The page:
Digital Transformation Through Agile Delivery
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Digital Transformation Through Agile Delivery
IT Agility AbilityTM

Women under-represented in male dominated IT industry

By . December 20, 2018
It’s no surprise that the IT industry is lacking the female presence. The industry is predominantly a male oriented one with women accounting for a mere 17% of IT professional in the UK. Gender diversity is becoming a huge issue especially for the IT industry.

Contrary to popular belief there is a high demand for women in IT. The BBC organised a panel in September which addressed the issue in this sector.

Julia Whitney, general manager for BBC user experience and design said “The most important strength women can bring to the workplace is just being a woman in the workplace. I don’t want to be treated differently as a woman, but we do need to raise awareness about diversity.”

Although action has been taking to address the skills gap, the focus may be in the wrong place. Coding seems to be the leading in priority and schools are introducing coding as part of the curriculum. “Since September 2014, children aged five and up have been learning the fundamentals of programming in schools around the country” Computer World UK. In addition Prime Minister, David Cameron has announced a Computer Science GCSE that will come into fruition in 2016.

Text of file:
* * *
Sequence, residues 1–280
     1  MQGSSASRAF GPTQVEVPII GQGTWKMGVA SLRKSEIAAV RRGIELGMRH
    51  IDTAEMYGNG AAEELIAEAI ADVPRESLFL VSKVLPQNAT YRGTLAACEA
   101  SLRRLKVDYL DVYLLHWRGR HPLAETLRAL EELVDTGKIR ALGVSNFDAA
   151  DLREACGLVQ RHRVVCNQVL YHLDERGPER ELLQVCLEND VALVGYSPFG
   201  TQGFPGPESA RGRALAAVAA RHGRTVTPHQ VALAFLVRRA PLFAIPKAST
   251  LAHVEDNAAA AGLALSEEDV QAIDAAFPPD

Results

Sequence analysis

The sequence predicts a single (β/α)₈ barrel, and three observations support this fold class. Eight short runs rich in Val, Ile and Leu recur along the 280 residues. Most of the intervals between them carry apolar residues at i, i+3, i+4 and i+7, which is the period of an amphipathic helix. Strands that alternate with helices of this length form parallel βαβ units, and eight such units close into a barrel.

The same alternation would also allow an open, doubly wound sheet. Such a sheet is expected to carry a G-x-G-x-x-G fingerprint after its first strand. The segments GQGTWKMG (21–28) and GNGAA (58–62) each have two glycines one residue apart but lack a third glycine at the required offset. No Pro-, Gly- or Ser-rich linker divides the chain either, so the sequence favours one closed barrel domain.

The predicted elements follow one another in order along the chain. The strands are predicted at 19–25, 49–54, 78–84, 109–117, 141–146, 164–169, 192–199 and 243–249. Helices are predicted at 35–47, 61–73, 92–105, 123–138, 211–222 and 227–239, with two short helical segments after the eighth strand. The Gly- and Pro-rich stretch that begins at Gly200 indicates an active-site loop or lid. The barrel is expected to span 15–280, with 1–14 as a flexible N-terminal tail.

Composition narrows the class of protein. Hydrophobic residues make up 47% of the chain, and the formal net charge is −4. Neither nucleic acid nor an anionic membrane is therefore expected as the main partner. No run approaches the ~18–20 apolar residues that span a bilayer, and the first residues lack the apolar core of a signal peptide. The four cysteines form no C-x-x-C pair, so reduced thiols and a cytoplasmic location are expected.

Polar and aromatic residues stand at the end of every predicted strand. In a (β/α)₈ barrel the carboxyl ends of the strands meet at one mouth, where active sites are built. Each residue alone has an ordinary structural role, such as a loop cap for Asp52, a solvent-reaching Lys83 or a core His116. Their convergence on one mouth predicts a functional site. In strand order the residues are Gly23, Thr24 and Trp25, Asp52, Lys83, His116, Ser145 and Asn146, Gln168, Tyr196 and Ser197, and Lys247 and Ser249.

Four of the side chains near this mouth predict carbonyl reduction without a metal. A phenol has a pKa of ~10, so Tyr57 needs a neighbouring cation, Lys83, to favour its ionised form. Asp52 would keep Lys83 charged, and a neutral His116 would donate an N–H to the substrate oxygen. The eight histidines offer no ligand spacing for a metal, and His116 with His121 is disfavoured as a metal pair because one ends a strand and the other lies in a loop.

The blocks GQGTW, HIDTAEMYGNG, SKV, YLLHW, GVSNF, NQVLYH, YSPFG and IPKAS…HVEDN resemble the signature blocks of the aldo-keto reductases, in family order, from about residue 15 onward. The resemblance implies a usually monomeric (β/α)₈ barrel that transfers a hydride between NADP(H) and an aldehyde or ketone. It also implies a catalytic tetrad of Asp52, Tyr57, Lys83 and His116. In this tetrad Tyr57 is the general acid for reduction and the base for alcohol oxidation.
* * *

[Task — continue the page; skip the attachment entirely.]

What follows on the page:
With an ever growing skills shortage it is predicted that in a few years the skills shortage in the IT sector will reach up to 300,000 workers, which is just in London. If we include Europe the shortage dramatically increases to 900,000 workers.

Is there too much emphasis being placed in the wrong area? Focusing and educating children with IT skills will help in the long run but how can we take action in the short term? A growing issue in IT today is the shortage of cyber security professionals.

During the BBC panel, Kate Russell explained that although there are approaches being taken to teach children technological skills, there is still a lack of role models for young girls considering tech careers. Angela Messer said “We must demonstrate to young women thinking about entering the industry the many opportunities that await them and reinforce for those currently working in cyber security that they have bright futures ahead”.

Why is this? According to a report “Women in information security are quickly converging on men in terms of academic focus, computer science and engineering, and have a higher concentration of advanced degrees”. Women possess the talent but are still a minority (10%) in an industry seeing a shortage and by 2020 the security sector could see a deficit of up to 1.5 million professionals.

According to Miller, the statistics show that the industry needs more talent. “Let's foster more talent and innovation, everywhere in information security. That means taking more risks and including more voices. Having hard data gives us the ability to assess industry gaps and shortages – and individual career objectives and expectations – in a more thoughtful and systematic way,” Allison Miller, product manager at Google.

Reporting and addressing the skills gap and woman being under represented are the first steps. The real question is how can the industry empower women to take on roles in the IT and IT security sector or does the issue go deeper and is down to the Hiring Managers? 

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